In the last issue, I reported on some of the enhancements that you would want if you could change any one feature in Lawson. One of these requests is to remove the "mainframe look-and-feel" of Lawson. Others have since agreed, and I have received numerous comments from you about how you’d like to see Lawson do away with some of this "clunky" behavior.
Wishful thinking-because Lawson is "to the core" COBOL (or RPG on the AS/400), and will remain that way until there’s a compelling (in other words, financially lucrative!) reason to re-code it. By "re-code", I’m not talking about anything that’s easy–I’m talking about a wholesale redesign.
Whatever "wrapper" you put around it–be it character-mode LID, GUI LID, JED, NED, COM+, XML UI, Portal, etc. — (gosh, that list IS getting long)–you’re still executing Lawson’s "business logic" at the core. And, that core is written in COBOL (or RPG on the AS/400).
And, that core code is where the UI limitations exist. If you’ve ever looked at the code, you’ll know what I’m talking about. To maintain a standard and consistent code base, every Lawson program looks and feels (and is written) the same way, and works on a "screen block" of data. This may-or may not-be a bad concept. Perhaps Lawson could write some middleware to fake out the underlying programs, but it would probably be too clumsy, and make matters that much worse.
Every time I hear someone telling me how Lawson is re-writing their code base to sync up with language "flavor of the week", and coming out with some new whiz-bang layer of technology, I feel like laughing and screaming: "HEY GUYS: IT’S STILL COBOL!!". A couple of years ago, I heard just that-a serious effort was underway at Lawson to re-write the Lawson applications in Java.
Rumor is that Lawson attempted to use some porting techniques to magically turn they COBOL code into Java. Problem is that both COBOL and RPG are procedural languages-Java is object-oriented. While, it’s syntactically possible, and they did have some minor success, in reality it was a failure, and they group was quietly disbanded. A noble effort, I guess, but still a flawed approach.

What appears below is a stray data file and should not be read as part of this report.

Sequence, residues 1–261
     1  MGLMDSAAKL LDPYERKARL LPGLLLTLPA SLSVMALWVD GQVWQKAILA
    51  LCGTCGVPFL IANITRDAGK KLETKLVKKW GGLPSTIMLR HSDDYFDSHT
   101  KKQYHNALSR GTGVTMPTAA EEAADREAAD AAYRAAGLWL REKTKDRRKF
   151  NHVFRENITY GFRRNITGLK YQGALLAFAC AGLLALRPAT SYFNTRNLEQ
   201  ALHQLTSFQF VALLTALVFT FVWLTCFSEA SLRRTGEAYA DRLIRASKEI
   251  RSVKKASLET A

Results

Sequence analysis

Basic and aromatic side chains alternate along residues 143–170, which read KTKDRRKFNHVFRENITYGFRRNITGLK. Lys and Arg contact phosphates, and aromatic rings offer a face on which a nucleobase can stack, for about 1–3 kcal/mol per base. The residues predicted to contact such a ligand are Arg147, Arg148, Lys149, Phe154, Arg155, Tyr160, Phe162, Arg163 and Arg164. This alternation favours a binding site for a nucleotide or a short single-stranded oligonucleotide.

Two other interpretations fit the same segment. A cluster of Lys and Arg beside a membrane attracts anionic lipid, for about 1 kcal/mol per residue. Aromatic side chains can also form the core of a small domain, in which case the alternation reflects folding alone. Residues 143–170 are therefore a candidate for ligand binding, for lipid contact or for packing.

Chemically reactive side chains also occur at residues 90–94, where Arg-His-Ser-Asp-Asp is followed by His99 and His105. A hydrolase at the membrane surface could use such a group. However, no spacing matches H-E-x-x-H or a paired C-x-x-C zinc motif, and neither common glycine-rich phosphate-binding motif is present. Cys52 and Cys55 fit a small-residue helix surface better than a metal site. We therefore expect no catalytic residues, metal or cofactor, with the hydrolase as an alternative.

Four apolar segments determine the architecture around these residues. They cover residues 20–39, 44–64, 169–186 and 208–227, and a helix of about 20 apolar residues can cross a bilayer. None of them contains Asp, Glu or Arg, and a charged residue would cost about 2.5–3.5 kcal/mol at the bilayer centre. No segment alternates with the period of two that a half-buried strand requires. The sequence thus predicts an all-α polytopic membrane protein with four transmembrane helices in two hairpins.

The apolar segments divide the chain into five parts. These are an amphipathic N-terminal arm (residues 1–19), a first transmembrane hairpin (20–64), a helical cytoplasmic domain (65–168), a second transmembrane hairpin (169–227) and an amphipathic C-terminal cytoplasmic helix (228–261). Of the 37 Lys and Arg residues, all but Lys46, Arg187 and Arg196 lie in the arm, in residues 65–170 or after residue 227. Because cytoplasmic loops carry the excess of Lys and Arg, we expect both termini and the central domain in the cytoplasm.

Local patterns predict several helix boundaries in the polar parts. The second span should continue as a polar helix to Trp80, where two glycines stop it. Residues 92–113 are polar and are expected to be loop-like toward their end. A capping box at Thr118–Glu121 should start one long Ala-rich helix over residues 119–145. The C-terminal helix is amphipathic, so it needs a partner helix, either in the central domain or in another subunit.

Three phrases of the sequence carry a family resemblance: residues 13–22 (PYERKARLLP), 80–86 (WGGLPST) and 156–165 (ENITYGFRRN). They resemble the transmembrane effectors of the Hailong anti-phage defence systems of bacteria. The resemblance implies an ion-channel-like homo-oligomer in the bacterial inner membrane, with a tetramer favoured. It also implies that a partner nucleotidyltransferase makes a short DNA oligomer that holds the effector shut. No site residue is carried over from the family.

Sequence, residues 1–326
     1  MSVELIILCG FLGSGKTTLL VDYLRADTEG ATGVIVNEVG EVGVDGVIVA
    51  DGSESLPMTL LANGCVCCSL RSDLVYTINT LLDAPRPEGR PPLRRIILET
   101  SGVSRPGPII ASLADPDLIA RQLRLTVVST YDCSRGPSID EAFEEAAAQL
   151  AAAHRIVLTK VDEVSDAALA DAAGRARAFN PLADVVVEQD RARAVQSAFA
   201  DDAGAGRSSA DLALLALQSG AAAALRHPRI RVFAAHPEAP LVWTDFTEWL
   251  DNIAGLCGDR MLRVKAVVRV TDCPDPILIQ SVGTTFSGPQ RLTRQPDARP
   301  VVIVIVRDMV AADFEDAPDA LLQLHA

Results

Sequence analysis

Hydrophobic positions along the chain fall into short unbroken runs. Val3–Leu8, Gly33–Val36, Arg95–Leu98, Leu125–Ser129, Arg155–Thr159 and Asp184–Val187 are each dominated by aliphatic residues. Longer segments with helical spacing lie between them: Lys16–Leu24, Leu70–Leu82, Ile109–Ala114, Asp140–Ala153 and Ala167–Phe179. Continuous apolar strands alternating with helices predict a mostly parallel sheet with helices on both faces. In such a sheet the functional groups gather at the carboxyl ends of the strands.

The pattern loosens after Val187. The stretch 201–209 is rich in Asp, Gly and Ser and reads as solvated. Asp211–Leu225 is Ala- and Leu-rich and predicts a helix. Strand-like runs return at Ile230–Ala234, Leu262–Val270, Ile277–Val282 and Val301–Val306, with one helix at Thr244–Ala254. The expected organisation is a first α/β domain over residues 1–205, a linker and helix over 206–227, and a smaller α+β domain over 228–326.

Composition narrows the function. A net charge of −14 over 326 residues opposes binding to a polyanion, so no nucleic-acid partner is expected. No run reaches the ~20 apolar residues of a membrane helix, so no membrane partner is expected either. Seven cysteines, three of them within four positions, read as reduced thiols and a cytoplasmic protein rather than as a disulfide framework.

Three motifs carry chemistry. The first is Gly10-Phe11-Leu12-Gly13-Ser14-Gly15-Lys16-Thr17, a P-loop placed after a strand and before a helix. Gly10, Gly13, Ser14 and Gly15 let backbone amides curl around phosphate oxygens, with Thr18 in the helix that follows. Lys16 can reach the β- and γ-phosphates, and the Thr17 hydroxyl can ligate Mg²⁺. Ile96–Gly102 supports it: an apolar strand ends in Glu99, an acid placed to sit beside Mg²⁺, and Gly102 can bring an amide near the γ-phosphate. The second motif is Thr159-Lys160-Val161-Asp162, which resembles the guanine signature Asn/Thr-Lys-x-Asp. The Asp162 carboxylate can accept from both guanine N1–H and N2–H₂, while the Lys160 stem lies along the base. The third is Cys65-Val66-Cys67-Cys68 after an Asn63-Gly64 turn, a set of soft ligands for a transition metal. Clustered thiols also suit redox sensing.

In order to migrate from a procedural language, like COBOL, to an object-oriented language, like Java, you have to think, design, and code in a completely new way. For me, that "Aha!" moment came after working in COBOL for several years, and then learning C++ and SmallTalk. Suddenly, the world was much clearer, and computer programming actually made more sense!
Have you ever looked "under the covers" into a Lawson program? Any program can touch any table. While there is some encapsulation and modularity for convenience sake, it’s nowhere close to what it would look like in a object-oriented language. Lawson’s common procedure libraries are a (minor) step in the right direction.
But, procedure libraries are only a first step, and they’re only as good as the programmers who write and use (or don’t use) them. I remember a funny story (actually, it’s a travesty) regarding some 8.x AC/BR code. Bugs kept surfacing in programs that used account category lookups. Two tables with similar prefixes (AAX and AXX) were referenced in the code. The second reference had a typo-therefore duplicating to the first lookup. And, that code kept being copied to new programs, replicating the same bug further.
As it turns out, simply using a common procedure would have eliminated them. But, wrapping up a bunch of common code into a procedure IS NOT the same as encapsulating that logic into an object.
How about inheritance? Shouldn’t a sub-account inherit from an account? How about a process level inheriting from a company? Well, to Lawson’s credit, there are some "inheritance" concepts (they call it "defaulting") used throughout Lawson, but it’s accomplished by long blocks of procedural code. Certainly not as elegant as declaring a new object.
So, the next time you cringe at Lawson’s "mainframe heritage", or hear about Lawson’s new whiz-bang code "flavor of the month", take a deep breath, and remember that Lawson has a lot invested in this "legacy" code, and it won’t go away anytime soon.